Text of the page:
At the same time, however, the decisions on restrictions taken by the Board at the end of each consultation were made more precise. For a time, the working principle used for Board decisions was that only restrictions for balance of payments purposes could be maintained under Article XIV, whereas restrictions for other reasons would have to be approved under Article VIII. This principle had been enunciated as an ad hoc guide during the first consultation with Italy. It was made explicit in the decision on the 1952 consultation with Cuba: Cuba’s 2 per cent exchange tax on remittances abroad was not maintained for balance of payments purposes and consequently was maintained in accordance with the provisions of Article VIII.

Later, for the same reasons that staff discussions with the member encompassed the broad range of restrictions, Executive Board decisions also came to include statements of views regarding the general level of restrictions and the possibility of removing them, but did not “approve” or “disapprove” them. The language used over the years ranged from urging action to suggesting re-examination of the practices, depending upon the severity of the restrictions and their harmfulness to the international community.


The authority of the Fund

The legal authority of the Fund to consider and comment on trade policies and practices—as distinct from the jurisdictional character of its authority with respect to exchange practices—was finally formulated in 1960. At that time the Legal Department, distinguishing between the Fund’s official authority to consider and comment on the trade policies and practices of its members and its power to approve exchange practices, worked out a legal position which met with little opposition. While members are not required to submit their trade policies and practices as such to the Fund for its approval, and the Fund cannot disapprove these policies and practices in the sense that if members persist in them they can be regarded as violating international obligations under the Fund’s Articles, these trade policies and practices can be evaluated in the light of the Fund’s purposes.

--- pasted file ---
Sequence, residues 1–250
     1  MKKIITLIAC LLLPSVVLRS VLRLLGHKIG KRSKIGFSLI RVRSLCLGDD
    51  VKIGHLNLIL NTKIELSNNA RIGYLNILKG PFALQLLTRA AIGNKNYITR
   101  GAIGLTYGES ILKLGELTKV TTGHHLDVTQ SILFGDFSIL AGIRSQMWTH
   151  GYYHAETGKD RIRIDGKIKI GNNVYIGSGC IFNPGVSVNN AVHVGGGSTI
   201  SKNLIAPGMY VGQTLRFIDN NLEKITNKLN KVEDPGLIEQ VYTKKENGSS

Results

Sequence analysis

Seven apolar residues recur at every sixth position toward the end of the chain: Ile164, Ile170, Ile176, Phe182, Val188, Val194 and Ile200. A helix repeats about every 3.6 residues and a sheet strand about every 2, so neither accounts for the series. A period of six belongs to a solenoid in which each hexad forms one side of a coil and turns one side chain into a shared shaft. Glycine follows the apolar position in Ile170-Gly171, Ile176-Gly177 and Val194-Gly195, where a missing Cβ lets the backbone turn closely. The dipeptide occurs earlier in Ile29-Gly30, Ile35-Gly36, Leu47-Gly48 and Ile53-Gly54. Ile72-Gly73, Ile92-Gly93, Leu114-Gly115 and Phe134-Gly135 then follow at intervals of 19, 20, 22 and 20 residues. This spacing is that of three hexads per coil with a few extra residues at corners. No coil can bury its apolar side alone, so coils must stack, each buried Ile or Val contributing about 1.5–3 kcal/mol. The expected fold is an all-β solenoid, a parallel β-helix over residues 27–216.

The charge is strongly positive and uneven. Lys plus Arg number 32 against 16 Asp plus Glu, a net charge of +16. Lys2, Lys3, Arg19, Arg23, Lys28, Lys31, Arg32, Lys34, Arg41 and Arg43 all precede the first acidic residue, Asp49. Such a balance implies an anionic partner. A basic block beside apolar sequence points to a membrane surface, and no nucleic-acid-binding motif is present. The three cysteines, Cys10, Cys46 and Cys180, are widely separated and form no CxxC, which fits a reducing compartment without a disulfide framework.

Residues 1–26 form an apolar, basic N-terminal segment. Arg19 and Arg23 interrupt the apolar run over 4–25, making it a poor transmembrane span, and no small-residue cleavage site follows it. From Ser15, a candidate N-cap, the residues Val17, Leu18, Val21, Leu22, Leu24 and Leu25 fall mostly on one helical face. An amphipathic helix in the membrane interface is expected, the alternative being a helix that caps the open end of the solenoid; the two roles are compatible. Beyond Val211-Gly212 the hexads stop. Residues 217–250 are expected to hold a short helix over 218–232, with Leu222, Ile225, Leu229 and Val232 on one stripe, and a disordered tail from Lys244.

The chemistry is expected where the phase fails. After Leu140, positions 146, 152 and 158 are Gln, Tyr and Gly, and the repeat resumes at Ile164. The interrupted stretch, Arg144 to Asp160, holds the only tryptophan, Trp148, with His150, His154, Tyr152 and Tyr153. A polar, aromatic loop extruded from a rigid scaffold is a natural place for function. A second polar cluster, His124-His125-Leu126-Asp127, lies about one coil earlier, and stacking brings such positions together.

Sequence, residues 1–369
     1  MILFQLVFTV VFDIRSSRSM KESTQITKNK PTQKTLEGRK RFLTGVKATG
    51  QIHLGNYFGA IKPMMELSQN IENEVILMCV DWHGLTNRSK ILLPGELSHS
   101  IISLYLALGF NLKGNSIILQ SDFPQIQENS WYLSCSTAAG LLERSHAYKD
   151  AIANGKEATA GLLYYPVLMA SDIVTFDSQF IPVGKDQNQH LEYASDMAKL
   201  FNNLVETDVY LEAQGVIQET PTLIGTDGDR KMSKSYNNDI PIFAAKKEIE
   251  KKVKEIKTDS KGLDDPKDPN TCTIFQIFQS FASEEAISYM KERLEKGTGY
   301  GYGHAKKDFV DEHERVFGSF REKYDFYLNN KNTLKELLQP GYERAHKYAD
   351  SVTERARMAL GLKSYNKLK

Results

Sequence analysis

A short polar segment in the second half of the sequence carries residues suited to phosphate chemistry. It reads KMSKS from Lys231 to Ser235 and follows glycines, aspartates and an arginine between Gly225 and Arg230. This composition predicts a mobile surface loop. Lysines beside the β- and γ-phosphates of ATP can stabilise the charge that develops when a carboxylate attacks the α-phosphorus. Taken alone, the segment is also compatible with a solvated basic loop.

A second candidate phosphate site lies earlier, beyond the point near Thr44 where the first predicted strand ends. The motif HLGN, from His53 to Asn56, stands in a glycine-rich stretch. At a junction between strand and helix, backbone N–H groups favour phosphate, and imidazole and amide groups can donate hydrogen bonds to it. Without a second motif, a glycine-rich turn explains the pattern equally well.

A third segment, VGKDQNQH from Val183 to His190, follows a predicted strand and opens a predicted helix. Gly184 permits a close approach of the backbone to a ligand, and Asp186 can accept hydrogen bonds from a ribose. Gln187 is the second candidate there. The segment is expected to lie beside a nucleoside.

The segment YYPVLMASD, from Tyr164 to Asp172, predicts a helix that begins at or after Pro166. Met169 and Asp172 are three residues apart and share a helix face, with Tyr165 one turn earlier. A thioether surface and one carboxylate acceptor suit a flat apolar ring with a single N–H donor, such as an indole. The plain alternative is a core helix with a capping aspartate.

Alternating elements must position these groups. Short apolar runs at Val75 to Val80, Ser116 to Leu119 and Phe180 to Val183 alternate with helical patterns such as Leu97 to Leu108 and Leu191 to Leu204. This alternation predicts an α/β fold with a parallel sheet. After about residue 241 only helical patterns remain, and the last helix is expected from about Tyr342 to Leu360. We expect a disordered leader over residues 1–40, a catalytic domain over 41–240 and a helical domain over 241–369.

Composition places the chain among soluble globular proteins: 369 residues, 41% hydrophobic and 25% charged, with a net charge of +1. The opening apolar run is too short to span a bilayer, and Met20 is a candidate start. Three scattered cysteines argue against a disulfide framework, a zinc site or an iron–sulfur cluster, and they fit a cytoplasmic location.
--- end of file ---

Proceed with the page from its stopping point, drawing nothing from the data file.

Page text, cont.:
In defense of its reasoning, the legal staff cited various provisions of the Articles. Since Article I (ii) specified as a purpose of the Fund “to facilitate the expansion and balanced growth of international trade,” the Fund can consider and comment on the extent to which the policies and practices of its members conduce toward the realization of this purpose. Moreover, Article XII, Section 7 (b), provides that “the Fund may publish such … reports as it deems desirable for carrying out its purposes,” and the first sentence of Article XII, Section 8, declares that “the Fund shall at all times have the right to communicate its views informally to any member on any matter arising under this Agreement.” The broad scope of the Fund’s authority under these provisions, said the Legal Department, is established by the words “purposes” in Section 7 (b) and “any matter arising under this Agreement” in Section 8. All that needed to be added—and this was then made explicit—was that the authority to publish reports and communicate views embraces authority to consider the policies and positions of members in order to decide whether to publish reports or communicate views.

Finally, Article XIV, Section 2, expected members “to develop such commercial and financial arrangements with other members as will facilitate international payments and the maintenance of exchange stability.” Hence, the Fund could consider and comment on commercial and financial measures. Significantly, it was also the legal view that although this objective appeared in Article XIV, it was not confined to the period of transitional arrangements, but connoted a permanent objective.